High-zinc rice could help food security
Mar 11, 2011
As the country with the highest rate of rice consumption per person, Bangladesh is poised to find bio-fortification methods in order to insure food security for its 158.6 million people, according to IRIN News.
Bio-fortification differs from traditional food fortification in that selective breeding is used to harvest the nutrition-rich foods, instead of adding nutrients to the foods after they are harvested.
Forty percent of Bangladesh's population lives below the poverty line and many cannot afford to eat zinc-rich meat. Thus, a means of producing rice with high zinc content can significantly aid the zinc deficiency that is severely stunting the growth of many Bangladeshi children under 5-years-old.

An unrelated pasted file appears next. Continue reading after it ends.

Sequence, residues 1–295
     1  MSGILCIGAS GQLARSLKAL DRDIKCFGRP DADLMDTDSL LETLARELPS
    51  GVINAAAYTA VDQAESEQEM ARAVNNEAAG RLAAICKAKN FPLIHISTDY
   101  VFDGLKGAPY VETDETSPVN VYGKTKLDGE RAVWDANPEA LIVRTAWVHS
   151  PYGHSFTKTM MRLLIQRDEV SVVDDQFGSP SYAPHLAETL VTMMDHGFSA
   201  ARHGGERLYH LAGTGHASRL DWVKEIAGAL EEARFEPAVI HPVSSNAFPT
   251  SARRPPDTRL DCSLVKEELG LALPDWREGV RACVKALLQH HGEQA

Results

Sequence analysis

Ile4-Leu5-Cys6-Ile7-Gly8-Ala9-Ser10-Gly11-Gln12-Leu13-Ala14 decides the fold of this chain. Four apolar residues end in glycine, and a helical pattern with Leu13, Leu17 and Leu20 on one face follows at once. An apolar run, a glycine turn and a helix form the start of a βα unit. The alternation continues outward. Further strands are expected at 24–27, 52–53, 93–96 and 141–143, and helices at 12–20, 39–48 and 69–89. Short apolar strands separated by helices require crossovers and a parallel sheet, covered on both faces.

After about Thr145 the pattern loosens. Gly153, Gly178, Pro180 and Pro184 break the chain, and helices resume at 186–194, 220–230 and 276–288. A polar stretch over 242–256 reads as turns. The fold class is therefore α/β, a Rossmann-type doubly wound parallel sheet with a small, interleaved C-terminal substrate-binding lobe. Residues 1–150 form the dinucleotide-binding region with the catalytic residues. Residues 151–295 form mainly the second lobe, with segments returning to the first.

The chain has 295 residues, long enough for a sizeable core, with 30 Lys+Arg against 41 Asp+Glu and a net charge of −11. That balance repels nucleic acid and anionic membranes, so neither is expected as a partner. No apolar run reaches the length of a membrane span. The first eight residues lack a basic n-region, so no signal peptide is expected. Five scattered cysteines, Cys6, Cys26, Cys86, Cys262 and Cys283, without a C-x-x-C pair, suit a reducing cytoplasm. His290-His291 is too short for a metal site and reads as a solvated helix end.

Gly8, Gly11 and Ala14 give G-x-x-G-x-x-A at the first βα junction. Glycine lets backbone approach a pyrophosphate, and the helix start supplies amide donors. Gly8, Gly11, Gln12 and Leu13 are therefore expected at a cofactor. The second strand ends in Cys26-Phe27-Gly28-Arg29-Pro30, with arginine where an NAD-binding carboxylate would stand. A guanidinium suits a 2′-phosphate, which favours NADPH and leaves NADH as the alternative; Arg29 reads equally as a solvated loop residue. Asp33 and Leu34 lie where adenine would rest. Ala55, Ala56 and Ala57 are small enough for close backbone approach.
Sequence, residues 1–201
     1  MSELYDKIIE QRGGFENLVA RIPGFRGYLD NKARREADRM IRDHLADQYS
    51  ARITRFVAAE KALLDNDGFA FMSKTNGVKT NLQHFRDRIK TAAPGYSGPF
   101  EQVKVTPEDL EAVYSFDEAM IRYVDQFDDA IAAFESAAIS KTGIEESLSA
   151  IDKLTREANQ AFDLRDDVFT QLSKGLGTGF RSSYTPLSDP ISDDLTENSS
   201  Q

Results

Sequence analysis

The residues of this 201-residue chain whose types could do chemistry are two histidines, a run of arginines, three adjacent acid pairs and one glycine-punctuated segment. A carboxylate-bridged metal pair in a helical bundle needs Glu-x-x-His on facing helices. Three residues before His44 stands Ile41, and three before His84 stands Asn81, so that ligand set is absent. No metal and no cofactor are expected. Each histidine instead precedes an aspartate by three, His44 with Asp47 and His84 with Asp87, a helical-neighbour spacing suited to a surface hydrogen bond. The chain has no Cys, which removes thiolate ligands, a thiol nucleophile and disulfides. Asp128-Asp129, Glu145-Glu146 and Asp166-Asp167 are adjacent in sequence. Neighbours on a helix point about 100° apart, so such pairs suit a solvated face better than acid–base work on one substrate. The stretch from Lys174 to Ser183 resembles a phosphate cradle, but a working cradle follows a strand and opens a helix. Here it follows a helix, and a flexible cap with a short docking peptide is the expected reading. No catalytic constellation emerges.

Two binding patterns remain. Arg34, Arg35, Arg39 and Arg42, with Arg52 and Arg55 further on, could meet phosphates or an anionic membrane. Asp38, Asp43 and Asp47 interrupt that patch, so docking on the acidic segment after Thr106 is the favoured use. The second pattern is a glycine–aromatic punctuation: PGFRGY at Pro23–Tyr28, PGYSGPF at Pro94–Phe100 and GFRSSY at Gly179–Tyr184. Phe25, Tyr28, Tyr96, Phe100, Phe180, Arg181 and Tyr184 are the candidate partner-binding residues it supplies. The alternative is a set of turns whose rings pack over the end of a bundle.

Convincing farmers to produce bio-fortified crops may be a challenge.
“Farmers are risk averse. However we are planning an educational campaign about the benefits of bio-fortified rice. If consumers are motivated, farmers will be motivated," according to Rezaul Karim, the manager in Bangladesh for HarvestPlus, a Washington-based NGO.
Seventy percent of women in Bangladesh have zinc-deficiency, while 43 percent of children are moderately to severely stunted.
Bangladesh's unemployment rate is 4.8 percent, according to the CIA Factbook. Forty-five percent of the labor force currently works in agriculture.